Nepali Times
"Women and children suffer most in conflict"

Nepal has one of the highest maternal mortality rates in the world, with an estimated 4,500 women dying yearly of pregnancy-related causes. Health care delivery has become even more challenging for NGOs and UN agencies like UNFPA during the current conflict, says Sultan Aziz, director of the Asia-Pacific Division of UNFPA, who was in Kathmandu recently.

Nepali Times: Where are we failing in reproductive health?
Sultan Aziz: It's not a question of failure but priorities. Dealing with women's reproductive health is an ongoing challenge even in some middle-income countries. There is no argument that the status of women in Nepal is not where it should be. Clearly, issues relating to governance of the health system are important.

Is it governance or programs?
It is not the lack of programs as many of them have been around for a long time. It is absolutely crucial that the government puts more resources and attention into this. You will find there is a really serious commitment to health services from us but recent events have made it difficult to go to these places where indicators are not improving.

Is it true that the conflict is affecting health care less than other sectors?
No, I completely disagree with that. I think there's a perception that somebody in a dire health situation will get help. But the argument should be that the very structure that supports the health system is suffering. If a particular road is blocked and a woman cannot reach the hospital to deliver, she dies or faces some complication. If health is to become completely neutral, then both sides have to be very clear that they are committed to saving lives, not destroying them.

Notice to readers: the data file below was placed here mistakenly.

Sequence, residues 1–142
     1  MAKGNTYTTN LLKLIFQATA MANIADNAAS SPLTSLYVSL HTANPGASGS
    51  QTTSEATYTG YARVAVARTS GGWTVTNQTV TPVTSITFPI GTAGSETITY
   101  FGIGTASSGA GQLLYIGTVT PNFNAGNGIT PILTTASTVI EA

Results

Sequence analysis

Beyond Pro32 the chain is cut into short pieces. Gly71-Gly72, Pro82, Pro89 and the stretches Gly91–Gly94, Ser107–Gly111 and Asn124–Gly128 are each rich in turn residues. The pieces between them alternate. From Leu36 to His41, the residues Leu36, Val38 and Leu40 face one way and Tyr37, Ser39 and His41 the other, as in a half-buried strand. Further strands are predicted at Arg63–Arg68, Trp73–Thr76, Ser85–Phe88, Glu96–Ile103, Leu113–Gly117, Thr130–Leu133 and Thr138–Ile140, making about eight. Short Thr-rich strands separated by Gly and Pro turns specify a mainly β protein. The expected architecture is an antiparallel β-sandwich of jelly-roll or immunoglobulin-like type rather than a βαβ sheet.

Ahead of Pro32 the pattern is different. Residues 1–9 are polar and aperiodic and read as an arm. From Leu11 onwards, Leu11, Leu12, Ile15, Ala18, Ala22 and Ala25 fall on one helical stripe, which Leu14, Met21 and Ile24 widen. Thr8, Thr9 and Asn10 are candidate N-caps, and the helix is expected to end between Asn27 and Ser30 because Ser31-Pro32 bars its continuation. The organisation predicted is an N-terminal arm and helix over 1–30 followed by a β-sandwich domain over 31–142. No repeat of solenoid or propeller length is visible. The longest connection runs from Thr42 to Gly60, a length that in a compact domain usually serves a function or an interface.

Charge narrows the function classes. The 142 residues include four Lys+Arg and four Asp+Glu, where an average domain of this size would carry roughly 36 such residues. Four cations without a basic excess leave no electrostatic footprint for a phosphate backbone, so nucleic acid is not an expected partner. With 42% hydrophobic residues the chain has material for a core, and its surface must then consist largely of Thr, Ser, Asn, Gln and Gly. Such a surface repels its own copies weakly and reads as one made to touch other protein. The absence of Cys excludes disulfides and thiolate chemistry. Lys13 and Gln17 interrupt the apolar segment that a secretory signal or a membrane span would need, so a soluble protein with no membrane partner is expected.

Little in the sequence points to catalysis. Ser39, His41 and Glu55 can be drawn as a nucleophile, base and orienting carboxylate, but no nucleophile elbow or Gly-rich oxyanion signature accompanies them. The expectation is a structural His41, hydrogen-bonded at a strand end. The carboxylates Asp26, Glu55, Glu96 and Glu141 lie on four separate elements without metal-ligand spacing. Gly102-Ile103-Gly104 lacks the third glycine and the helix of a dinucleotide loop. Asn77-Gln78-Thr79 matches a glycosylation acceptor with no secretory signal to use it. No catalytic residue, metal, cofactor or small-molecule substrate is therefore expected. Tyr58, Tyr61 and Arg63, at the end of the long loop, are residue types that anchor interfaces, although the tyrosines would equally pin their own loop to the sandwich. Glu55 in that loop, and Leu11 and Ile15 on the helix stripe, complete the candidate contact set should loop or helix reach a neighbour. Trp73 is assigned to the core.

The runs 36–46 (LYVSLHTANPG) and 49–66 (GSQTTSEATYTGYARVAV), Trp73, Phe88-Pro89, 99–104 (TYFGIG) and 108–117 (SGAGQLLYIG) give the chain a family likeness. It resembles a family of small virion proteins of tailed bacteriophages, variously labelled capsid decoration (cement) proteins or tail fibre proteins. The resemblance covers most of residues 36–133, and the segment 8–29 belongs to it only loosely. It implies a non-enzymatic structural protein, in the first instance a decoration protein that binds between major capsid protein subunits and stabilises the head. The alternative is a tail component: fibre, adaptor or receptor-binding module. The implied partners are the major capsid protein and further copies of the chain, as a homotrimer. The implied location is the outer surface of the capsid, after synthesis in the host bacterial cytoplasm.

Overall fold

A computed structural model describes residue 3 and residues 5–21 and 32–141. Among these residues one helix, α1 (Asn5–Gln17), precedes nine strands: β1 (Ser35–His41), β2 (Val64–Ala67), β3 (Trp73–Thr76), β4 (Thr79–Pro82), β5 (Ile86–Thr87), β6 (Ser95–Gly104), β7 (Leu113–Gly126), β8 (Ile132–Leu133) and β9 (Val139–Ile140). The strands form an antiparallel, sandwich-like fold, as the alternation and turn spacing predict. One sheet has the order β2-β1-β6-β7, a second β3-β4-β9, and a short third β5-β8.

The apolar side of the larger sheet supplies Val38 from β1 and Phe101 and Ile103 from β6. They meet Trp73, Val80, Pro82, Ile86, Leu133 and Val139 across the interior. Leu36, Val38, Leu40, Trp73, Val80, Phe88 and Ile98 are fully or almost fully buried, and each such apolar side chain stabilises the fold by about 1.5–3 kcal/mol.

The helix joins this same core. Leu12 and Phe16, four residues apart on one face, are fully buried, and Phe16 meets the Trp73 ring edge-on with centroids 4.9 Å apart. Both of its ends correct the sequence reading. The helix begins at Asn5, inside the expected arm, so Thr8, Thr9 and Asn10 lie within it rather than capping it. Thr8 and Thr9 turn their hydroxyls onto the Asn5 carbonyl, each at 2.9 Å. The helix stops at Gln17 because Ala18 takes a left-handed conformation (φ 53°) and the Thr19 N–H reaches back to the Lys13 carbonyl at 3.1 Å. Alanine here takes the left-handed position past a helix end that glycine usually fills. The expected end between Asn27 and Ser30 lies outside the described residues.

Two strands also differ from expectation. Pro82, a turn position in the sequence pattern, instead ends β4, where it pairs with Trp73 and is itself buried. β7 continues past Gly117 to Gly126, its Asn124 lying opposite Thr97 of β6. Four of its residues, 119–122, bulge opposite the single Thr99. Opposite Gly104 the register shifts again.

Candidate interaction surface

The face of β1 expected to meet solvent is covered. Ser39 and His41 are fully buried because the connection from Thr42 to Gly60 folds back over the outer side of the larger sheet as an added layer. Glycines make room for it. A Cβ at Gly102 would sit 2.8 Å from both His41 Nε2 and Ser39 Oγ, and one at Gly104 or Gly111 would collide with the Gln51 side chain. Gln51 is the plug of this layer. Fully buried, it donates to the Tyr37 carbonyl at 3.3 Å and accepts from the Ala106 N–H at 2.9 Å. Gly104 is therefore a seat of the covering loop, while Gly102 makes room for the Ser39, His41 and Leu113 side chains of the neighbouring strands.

How about women and children?
The people who usually suffer the most in a conflict situation are women and children. Men have a variety of opportunities to leave the conflict area. But women and children cannot travel like men can. And when they do travel, they end up in a camp. They are always in vulnerable situations and become easy prey for rape and many other types of exploitation.

Has conflict affected UNFPA's work in Nepal?
I think it's a fact that the conflict has affected all. The professionals whom we have invested in for years in Nepal cannot access certain areas to provide services. We have to train our co-workers to understand what the realities are in a crisis, so they are able to respond. We should no longer pretend that we can continue to do development in a crisis and in the absence of security.

How are demographic pressures changing?
In a sense, I'm not so scared about population growth. There are varieties of indicators that you can look at: quality of life indicators, quality of education and reduction of poverty. If you look at them you can say that we can afford to have certain growth in population. In the absence of all those indicators, a 4.5 Total Fertility Rate (TFR) is cause for concern because it squeezes your doubling period and yet you are faced with the challenges of a slow-growth economy and deteriorating infrastructure.

What can we learn from other countries like Bangladesh and Indonesia?
Certain types of integrated services such as quality care, family planning and providing services to youth are needed. Girls get married early in Nepal and so delaying the age of marriage is important. These can all come about through behavioural change using communication strategies. There's nothing magical about it. These are things that only the government can make happen simply because it is in a position to make it happen.

(11 JAN 2013 - 17 JAN 2013)